Rechargeable hybrid vehicles are gradually becoming more visible on roads in California and throughout the country, and most of the major car manufacturers have indicated their intention of competing in the luxury hybrid market. One of the first companies to enter that market was Anaheim-based Fisker Automotive.
Fisker encountered troubles, however, after the company’s battery supplier filed for bankruptcy; the costs of a safety recall took their toll; and a shipment of vehicles was destroyed by Hurricane Sandy. Hybrid Tech Holdings eventually agreed to buy a government loan to Fisker for $25 million, and in 2013 Fisker filed for Chapter 11 bankruptcy. Around that same time, Hybrid planned to acquire Fisker.
In more recent developments, the Chinese company Wanxiang Group Corp. outbid Hybrid with an offer of $149.2 million for Fisker’s assets. That figure is about six times higher than the initial bid. In February, a court approved the deal with Wanxiang, which already owns the successor to Fisker’s former battery supplier.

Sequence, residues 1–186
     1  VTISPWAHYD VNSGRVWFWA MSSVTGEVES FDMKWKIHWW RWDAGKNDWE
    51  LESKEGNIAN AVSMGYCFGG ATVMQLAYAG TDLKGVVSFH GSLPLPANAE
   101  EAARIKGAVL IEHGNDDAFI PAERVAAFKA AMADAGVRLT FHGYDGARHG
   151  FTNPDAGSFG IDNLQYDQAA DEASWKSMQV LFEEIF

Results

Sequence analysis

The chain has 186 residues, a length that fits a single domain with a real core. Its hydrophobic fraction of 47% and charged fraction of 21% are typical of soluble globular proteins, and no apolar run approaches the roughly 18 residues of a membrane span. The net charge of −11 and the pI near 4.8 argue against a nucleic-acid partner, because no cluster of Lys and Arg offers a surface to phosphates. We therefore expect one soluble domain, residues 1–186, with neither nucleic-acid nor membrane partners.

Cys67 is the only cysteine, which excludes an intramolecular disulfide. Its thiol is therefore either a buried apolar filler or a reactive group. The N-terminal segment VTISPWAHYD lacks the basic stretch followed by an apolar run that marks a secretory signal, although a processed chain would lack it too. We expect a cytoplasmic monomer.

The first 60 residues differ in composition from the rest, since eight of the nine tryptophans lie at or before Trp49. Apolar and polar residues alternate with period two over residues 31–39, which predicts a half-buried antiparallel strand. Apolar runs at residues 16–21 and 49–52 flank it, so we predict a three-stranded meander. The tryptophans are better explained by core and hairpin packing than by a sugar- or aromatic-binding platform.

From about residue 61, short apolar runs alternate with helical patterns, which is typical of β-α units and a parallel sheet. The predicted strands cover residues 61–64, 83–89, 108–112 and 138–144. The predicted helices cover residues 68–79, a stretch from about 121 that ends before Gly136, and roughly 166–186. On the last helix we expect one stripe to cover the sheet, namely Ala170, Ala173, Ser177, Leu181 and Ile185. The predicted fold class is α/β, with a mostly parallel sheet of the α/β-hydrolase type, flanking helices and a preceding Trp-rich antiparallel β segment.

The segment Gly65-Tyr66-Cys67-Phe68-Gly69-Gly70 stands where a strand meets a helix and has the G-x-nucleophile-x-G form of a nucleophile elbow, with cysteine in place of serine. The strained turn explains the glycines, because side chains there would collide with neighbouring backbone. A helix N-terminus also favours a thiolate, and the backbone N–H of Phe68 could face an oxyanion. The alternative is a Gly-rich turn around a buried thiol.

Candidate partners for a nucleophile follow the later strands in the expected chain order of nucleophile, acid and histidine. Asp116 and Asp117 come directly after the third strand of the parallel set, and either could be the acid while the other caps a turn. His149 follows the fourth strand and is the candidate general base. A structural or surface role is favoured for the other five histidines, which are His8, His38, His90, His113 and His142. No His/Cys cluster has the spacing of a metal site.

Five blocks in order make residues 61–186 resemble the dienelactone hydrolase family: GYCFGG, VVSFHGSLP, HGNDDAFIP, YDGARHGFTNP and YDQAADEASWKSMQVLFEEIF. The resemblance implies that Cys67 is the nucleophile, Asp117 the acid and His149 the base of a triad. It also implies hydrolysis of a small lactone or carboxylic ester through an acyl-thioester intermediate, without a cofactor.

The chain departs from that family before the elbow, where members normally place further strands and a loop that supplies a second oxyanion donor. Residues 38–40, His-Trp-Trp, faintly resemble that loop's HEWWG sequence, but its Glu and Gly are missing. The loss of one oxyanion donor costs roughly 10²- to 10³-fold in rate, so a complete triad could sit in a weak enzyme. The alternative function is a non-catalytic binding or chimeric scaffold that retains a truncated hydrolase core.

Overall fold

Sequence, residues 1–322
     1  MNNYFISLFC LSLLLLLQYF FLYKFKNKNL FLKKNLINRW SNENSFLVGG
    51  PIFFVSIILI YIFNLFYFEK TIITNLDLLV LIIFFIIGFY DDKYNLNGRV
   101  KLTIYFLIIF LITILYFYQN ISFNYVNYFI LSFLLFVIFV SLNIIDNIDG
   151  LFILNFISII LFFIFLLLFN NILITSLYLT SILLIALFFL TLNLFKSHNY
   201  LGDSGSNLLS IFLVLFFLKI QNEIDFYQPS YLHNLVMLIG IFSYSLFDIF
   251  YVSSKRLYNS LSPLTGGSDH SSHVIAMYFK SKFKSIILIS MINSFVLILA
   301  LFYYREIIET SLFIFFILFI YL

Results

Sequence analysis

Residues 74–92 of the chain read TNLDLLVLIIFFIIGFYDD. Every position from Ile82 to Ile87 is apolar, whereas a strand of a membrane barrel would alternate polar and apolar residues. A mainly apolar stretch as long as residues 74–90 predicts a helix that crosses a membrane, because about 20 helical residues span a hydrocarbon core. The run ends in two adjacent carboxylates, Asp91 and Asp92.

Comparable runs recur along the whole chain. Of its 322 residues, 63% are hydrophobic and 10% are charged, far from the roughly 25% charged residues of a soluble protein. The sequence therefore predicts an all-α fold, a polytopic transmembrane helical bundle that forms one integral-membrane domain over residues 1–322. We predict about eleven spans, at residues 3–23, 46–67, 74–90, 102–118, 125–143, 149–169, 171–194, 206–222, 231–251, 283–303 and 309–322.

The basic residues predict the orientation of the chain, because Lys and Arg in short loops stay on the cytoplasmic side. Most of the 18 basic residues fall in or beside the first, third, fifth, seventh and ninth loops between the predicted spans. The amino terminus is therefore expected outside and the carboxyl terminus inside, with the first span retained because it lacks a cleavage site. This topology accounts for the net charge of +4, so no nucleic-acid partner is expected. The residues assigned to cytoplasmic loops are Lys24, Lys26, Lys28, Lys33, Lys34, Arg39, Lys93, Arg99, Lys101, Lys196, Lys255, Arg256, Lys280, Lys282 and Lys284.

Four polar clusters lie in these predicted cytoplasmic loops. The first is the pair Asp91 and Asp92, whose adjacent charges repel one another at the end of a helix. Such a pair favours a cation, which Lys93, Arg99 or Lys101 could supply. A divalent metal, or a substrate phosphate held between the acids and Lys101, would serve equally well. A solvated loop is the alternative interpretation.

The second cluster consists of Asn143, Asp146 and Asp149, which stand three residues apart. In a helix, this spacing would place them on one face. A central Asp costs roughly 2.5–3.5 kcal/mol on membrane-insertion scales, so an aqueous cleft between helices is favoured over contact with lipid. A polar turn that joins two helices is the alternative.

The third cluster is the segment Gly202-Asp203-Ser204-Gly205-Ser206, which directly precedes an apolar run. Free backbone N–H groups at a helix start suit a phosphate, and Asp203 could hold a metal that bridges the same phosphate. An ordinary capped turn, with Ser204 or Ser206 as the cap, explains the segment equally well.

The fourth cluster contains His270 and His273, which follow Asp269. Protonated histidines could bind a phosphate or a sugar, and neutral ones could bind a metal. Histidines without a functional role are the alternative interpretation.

The creditors in the bankruptcy case overwhelmingly approved of the Wanxiang deal, the proceeds from which will be distributed to Fisker’s creditors. A bankruptcy judge in Delaware recently approved the plan for liquidation. The chief restructuring officer for Fisker referred to the plan as a “fully consensual resolution.”
As the Fisker case illustrates, the life of a business can involve many cycles of growth and contraction, and owners of companies large and small have to be aware of the risks. Sometimes use of an exit strategy such as bankruptcy is the best option for resolving a debt problem. In any case, whether you are a creditor, debtor or trustee, there are legal avenues for achieving a favorable solution.
Source: Bloomberg Businessweek, “Fisker Liquidation Approved After Wanxiang Asset Sale,” Dawn McCarty, July 28, 2014